Missionary Interest - Sending Men
Roy Hill, Bristol, England [SEE PROFILE BELOW]
The Christians at Antioch were interested in not only sending money to help need where they saw it but also in sending men. Not only in helping existing believers but in making new ones. Thus the prophets and teachers fasted and prayed in ministering unto the Lord. Fasting is not something we are used to in this material world where we are surrounded by plenty. In fact some would find it quite impossible while others may be able to do it easily. Praying in the real sense is none too easy either. The prayers that we engage in are often on a well-filled stomach and in very comfortable surroundings. We complain if seats are too hard, perhaps we should be kneeling in any case; the room too cold; and having little need of our own we have to be told what to pray for! In order to do work of any kind someone has said that we need to be 'a little hungry, a little cold and a little concerned'. This undoubtedly applies to waiting before the Lord and the 'fasting' - the denying of the legitimate - may well speak of this.
As they waited there came a message from the Holy Spirit, perhaps through one of the prophets, that Barnabas and Saul be separated from the others and given the special task of taking the gospel to the Gentiles. This was a momentous move. The active taking of the message abroad with Gentiles specifically in focus was a new thing. Both Paul and Barnabas had been interested in this work and were willing to go. The prophets and teachers assembled came from a wide variety of places and from all walks of life yet they were united in what they were doing. They prayed, they laid hands on them and sent them away. The laying on of hands was a means of identification with men in the work and not a ceremony. As the Holy Spirit sent them forth so the assembly at Antioch let them go.
There are lessons here for new ventures and for 'full-time' service for God. All new ventures should have the support of the elders and of the assembly. They should be the result of waiting before the Lord and the divine direction should be specific and clear. If the elders and assembly do not support the proposed new work it should be left until the time is right. Many a new work has started without the blessing of, or in opposition to, the elders. Often the result has been a divided assembly and a work that has petered out due to lack of general support - the worst of all possible situations. If the work is of God it need not be rushed. If there are those who oppose that which is of God, then it is quite possible for God to remove them if He so will.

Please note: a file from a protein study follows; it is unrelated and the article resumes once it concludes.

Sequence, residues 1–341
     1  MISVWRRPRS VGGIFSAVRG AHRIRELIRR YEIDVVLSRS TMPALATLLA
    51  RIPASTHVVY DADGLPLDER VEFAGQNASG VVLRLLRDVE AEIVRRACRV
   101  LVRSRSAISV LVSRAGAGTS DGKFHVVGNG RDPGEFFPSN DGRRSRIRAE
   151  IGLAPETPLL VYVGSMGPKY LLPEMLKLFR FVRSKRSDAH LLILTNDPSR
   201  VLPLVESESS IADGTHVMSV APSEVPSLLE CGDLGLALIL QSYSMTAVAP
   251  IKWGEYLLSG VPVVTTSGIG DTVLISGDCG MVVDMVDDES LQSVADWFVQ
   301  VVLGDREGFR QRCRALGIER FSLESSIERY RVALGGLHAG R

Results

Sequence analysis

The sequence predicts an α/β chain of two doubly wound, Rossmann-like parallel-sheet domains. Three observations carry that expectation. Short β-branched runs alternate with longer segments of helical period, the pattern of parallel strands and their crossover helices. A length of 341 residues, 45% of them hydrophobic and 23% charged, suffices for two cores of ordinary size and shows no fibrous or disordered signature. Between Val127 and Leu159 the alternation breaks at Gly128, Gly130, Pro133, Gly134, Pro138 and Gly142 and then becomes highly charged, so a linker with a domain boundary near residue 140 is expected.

Regarding 'full-time' service it is evident that neither the elders nor the assembly should ever be surprised to hear that one has a desire to serve the Lord full-time. In fact the Lord who calls the individual also takes time to inform the saints! It is a grave responsibility for elders to get this right. To stand in the way and hinder an individual whom God has called is a serious matter, surpassed only perhaps, by assemblies commending a person who has not been called.
There clearly is a need for workers to go abroad, or to have specific exercises at home, to take the gospel to those in peril. There are languages and customs to be learned, and this needs time and concentrated effort. It is the primary responsibility of the commending assembly to support the worker, with help from other assemblies and individuals. While the commended person looks to the Lord for support it is neither loving nor responsible to commend some one and leave it to others to provide support. If at times support is lacking there is surely no good reason, at least no scriptural reason, why the worker should not take up temporary employment to support his family. Some seem to have the idea today that once a person is commended to 'full-time service', this is a commendation for life, and an end of further secular work. Commendations can be reviewed and renewed, or withdrawn.
It is possible that the 'full-time' teacher may well lose touch with the problems of contemporary living, though he should not lose touch with God or the word. But this is a danger we all do well to beware of.
While there remains a need for commended workers in the UK to preach the gospel, and abroad to preach and to teach, the need for full-time teachers at home in the UK may be open to question. With modern means of travel one can spend the week-end for meetings at the other end of the country and still be home before midnight on the Sunday evening. A 'full-lime' teaching ministry may be in danger of approximating to a mobile 'full-time' pastor and is possibly unscriptural.
Elders and assemblies must judge for themselves and serious questions need to be asked before decisions are made to commend or not to commend to full-time service.
Thus the assembly at Corinth 'let them go' and they set off for the propagation of the gospel in places as yet untouched by the message. Their confidence in God would be strengthened by what had happened in early days at Antioch, and, unknown to them, great challenges and victories lay ahead.